I've got a question about some mathematics in VB.net.
I really hope someone can help me out!

On a form i've got two textboxes.
Users can give input (numbers) and the numbers are like this: 0.000 or 250.000 or 36547.256, etc.
The numbers are converted to a string for the output, but..

In some case, a value of 50 must be deducted from the value, so it will be like this,
250.000 - 50.000 = 200.000 or 36547.256 - 50.000 = 36597.256
The program is doeing like this:
250.000 - 50.000 = 249950.

Can somebody help me with this?


When doing the maths part convert the input text to type double:

Sub Addition()
dim Answer as Double

If IsNumeric(input1.text) AndAlso Isnumeric(input2.text) then
    Answer = cDbl(input1.text) + cDbl(input2.Text)
    Output.Text = Answer
End Sub

Or else when faced with "250" + "7.5" the code may convert the "250" to an Integer and the "7.5" to a double with the erratic results you are getting...

"Always add apples to apples and oranges to oranges or else you get fruit salad."

Edited 4 Years Ago by G_Waddell

Ok, here is the code

Inputstart can be: 5.000 or 100.000 or. 254.654, etc.
InputEnd can be: 250.000 or 4568.354 or 5000.000, etc.

Public InputStart As String
Public InputEnd As String
Public Dkstr As Decimal
Public DS As Decimal = 50.0

InputStart = Start
InputEnd = End

If InputEnd - InputStart < 50.0 Then
Dkstr = InputStart
Dkstr = InputEnd - DS

End If


250.000 - 50.000 = 249950.

Does your system by any chance use a locale where . is used as a thousands separator and , as the decimal point? Because if so, the users should either input the numbers in a format compatible with the current locale (i.e. use , instead of .) or you should explicitly use a different locale when converting the string to a number.

Thank you all for the help.

The problem is solved, but I've got a new question.

When the result is 300, the value is displayed as 300.000 (this is how I want it to be), but.
When the result is 3000, the value is displayed as 3.000.000. I would like to have the result like 3000.000, without the thousand separator.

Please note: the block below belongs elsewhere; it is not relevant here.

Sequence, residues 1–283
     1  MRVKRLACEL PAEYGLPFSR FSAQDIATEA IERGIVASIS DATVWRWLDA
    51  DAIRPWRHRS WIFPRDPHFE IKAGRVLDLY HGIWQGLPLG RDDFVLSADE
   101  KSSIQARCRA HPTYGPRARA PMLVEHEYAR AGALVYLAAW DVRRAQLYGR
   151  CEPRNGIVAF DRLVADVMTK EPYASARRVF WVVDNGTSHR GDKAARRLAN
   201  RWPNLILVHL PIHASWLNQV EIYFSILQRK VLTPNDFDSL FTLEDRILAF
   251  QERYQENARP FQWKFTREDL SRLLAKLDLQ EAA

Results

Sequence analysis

Can anyone help me with it?


Again, use a locale that formats the numbers in the way you want them to be formatted.

Also: It shows the result as "3.000.000", not "3.000,000"? How did you get that to happen? You didn't just multiply the result by 1000, did you?

The result is 3,000.000. I didn't multiply it bij 1000.
Is there something possible with format string?

Do I first have to change it to a string with convert.toString and than format string? So yes, what is the format type?

Can you be more specific in your awnser?

See my post earlier, you should convert the values to doubles to ensure you are adding like with like.


I've tried to solve the problem, but it won't work. Here is my code:

Start = 20.000
End = 300.000 (or 3000.000 or 30000.000)

Public InputStart As Double
Public InputEnd As Double
Public Dkstr As Double
Public DS As Double = "50.000"

Public Function dbldkstr(ByRef InputStart As Double, ByRef InputEnd As Double, ByVal Dkstr As Double, ByRef Start As String, ByRef Eind As String, ByVal DS As Double)

InputStart = Start
InputEnd = End


If InvoerEind - InvoerStart < DS Then
    Dkstr = InvoerStart
    Dkstr = InvoerEind - DS
End If

Dkstr = Convert.ToString(Dkstr)
dbldkstr = Dkstr
dbldkstr = FormatNumber(Dkstr, TriState.False, TriState.True)

First I converted the strings to double, then the if statement is running, then i want the Dkstr to convert to a string and have it a format like 250.000.
This works until the user gives a value of 3000.000 or 30000.000. Then, the annoying separator is there and gives a result like 2.950.000 instead of 2950.000.

I really hope that you guys can help me with this now i have given you the code.


According to MSDN the last argument to FormatNumber tells it whether or not to use a thousands separator. If you leave out the argument (which you did), it uses the current locale's default. So if you don't want to change the current locale, you should pass TriState.False as the last argument.

Edit: Shouldn't the second argument to FormatNumber be an integer?

Edited 4 Years Ago by sepp2k

I've put the TriState.False as last argument, but it doesn't work.
When I do that, the result is 29500000 and not 2950.000.

Okay, I've looked on your code more closely. On line 7 you've assigned a string to a double. This will convert the string to a double using your current locale. So on your system this causes the value of DS to become fifty thousand, not 50.

If you want to disregard locale settings, you should not be doing any implicit conversions from string to double or vice-versa. Always use explicit conversions, in which you explicitly specify how you want to format the numbers. If that's too annoying, you might want to consider changing the locale for your program (which I might have suggested before in this thread).

If you remove the quotes from line 7 and remove lines 23 and 24, your code should work (at least with regards to how the result of dbldkstring is formatted - InvoerStart and InvoerEind will still be converted using your current locale).

OK guys,

I've solved the problem.
After the calculation I converted to a String.
Then, I used formatnumber to get the result in the right format.

Thanx guys.

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